Leander-based artist talks about inspiration and the healing power of art

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The smell of paint and wood fills the art studio of Donna Dugone, an Austin-based artist who works out of her home studio in Leander, Texas. Paint covers walls, floors and ceilinga portrait of a woman adorns the wall against which a record player is leaned. Work in progress scatters every countertop, finished pieces lean against the wall, baskets full of brushes and stamps fill every nook and cranny.

Dugone fits right into her space, decked out in a Johnny Cash t-shirt and matching cowgirl boots. Her dog, a small black terrier named Bella, rushes between her legs as she moves through her space. Dugone takes a thick piece of white paper and uses a paint-splattered blue clothespin to hang it on an easel. She begins her piece by showing her favorite technique: spraying dry erase markers with a mixture of water and incense.

“It’s one of the most spiritual oils you can use,” Dugone said of her use of frankincense. “I want every painting I do, if a person looks at it, it moves them.”

She then adds ink to the paper, in different colors. Dugone generally uses Distress Inks Where Bombay inks. The colors on the page start to drip and come together, but before they reach the edge, Dugone flips the page so it’s now horizontal, and the colors flow in a new way, creating a colorful piece filled with texture. Without the use of a brush, the colors blend togetherand violet appears; although no purple ink is used.

Dugone uses different tools in his paintings to create something unique every time. From forks, pottery tools, tea bags to vintage Indian stamps, Dugone has no shortage of tools to create a textured and meaningful piece.

“Texture is what makes a painting,” Dugone said. “Otherwise it’s just flat!”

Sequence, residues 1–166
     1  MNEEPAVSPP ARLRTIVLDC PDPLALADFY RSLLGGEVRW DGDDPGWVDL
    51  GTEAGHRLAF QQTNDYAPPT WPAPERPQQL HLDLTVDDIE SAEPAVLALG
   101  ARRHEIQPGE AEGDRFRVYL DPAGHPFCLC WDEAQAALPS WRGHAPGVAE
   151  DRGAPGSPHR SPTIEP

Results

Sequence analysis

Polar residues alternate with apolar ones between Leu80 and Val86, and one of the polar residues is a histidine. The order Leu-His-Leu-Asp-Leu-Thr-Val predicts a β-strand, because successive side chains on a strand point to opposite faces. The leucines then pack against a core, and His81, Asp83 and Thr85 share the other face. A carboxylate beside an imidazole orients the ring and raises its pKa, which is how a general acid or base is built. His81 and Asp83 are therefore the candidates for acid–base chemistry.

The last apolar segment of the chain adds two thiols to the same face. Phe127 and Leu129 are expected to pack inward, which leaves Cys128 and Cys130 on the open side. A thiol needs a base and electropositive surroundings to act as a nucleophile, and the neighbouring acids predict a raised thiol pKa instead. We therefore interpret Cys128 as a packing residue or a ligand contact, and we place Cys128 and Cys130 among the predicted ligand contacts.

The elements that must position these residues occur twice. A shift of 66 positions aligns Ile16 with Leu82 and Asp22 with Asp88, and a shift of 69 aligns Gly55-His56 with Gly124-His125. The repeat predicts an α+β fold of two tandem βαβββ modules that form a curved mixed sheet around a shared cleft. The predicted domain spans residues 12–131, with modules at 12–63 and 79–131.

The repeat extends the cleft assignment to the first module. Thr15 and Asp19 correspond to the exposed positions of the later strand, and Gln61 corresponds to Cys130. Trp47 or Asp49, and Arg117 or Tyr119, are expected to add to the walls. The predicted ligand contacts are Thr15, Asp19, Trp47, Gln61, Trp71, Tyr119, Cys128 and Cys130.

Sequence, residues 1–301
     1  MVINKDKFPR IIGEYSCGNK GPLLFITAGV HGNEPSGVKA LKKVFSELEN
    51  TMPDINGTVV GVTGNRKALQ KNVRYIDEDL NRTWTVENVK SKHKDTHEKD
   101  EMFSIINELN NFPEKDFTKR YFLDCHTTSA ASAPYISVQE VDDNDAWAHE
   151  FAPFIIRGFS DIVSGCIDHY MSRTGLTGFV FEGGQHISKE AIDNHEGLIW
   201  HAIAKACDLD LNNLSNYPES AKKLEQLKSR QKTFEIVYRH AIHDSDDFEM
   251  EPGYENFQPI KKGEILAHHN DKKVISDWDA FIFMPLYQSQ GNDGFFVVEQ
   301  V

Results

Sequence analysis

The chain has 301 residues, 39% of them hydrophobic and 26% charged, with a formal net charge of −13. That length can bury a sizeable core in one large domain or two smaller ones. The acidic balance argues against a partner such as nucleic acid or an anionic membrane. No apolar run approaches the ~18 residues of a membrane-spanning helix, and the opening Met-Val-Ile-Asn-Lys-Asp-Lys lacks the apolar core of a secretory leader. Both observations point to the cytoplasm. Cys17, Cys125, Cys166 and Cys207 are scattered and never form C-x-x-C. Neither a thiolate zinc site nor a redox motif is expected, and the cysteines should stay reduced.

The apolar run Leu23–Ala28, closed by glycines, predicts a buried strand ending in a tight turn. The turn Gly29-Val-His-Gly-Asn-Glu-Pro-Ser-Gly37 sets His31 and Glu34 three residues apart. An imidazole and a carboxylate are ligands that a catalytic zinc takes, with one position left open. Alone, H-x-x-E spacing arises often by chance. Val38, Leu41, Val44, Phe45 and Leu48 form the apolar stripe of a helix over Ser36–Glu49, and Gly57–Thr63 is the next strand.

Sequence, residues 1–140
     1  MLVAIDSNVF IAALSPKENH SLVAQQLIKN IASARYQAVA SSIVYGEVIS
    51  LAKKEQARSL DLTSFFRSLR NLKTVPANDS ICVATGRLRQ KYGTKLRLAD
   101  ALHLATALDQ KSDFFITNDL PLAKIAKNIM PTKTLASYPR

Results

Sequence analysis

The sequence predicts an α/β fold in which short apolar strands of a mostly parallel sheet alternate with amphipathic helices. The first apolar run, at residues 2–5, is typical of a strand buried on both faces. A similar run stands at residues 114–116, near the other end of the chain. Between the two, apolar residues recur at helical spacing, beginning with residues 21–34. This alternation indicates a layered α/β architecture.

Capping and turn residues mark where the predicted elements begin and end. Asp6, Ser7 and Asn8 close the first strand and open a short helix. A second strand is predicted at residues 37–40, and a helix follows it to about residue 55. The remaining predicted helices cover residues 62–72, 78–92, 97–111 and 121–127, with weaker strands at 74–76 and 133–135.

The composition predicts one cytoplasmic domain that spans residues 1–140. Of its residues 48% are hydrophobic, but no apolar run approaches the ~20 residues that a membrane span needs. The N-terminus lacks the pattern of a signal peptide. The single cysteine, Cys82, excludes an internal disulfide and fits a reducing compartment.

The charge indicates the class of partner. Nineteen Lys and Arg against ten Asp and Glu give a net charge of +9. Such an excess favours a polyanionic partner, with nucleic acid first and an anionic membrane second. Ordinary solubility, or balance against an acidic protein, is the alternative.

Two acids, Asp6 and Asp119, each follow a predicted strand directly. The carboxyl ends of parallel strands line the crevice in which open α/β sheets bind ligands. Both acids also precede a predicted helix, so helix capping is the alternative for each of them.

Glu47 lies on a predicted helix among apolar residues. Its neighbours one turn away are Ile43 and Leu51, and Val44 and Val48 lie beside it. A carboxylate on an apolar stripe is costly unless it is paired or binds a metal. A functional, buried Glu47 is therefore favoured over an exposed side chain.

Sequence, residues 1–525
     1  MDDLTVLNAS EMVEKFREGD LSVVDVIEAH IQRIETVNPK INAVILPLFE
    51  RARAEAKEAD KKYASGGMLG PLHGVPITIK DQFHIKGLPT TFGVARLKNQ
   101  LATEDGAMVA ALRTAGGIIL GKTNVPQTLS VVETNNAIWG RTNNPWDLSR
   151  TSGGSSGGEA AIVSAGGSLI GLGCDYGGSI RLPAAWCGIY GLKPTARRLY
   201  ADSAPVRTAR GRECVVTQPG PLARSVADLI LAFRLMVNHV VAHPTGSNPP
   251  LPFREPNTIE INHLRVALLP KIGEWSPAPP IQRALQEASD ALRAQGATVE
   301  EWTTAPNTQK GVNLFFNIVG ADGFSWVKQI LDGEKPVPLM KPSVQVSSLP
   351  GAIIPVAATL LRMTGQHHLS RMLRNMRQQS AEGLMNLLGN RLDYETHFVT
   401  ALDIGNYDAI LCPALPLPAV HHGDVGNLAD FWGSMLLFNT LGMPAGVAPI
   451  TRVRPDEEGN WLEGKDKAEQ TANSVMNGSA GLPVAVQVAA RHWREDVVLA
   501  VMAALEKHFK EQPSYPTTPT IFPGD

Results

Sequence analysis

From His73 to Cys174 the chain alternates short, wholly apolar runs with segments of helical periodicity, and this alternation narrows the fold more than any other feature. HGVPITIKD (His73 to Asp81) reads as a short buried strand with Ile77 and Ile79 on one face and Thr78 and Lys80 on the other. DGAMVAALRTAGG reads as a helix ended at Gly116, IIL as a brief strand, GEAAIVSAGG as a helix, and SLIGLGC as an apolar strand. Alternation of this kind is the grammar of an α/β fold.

A mural inside Donna Dugone’s studio. Dugone creates much of her art, located in her home in Leander, Texas. (Grace Bent / Hill Views)

Dugone has always been a musician and earned a music degree from Northwest University in Seattle, but painting only came into her life after a dark year of divorce and chemotherapy for breast cancer.

“One of the cool things about my art is that I’m really a musician, that’s my career,” Dugone said. “But 16 years ago, I was in the middle of chemotherapy. So I was sitting in my loft 16 years ago and I heard this calm voice of God and it was like, ‘you’re supposed to make art.’

She started with art journaling, a cathartic way Dugone found to release emotions without fearing someone would later read what she wrote. She is selective with what covers her words; Gesso and paint are among his favorite things to use, their colors corresponding to his emotions: blues revealing sadness.

“What is art journaling, you write whatever you feel on the page,” Dugone said. “And then you go back and you paint over it and it’s like you bury those words and those feelings. It’s very healing.

Wildfire Artisans, a converted airstream that is co-owned by Dugone where she sells much of her art. (Grace Bent / Hill Views)

Dugone co-owns a boutique with close friend and business partner, Jeanie Synder. Forest Fire Makers is a converted vintage airstream located in the historic Old Town area, Leander and Dugone sells much of his art the.

“I appreciate [my art] to be in other people’s homes because I think if they’re attracted to them, then every day when they look at them, it does something for their hearts,” Dugone said. “It’s healing for them.”

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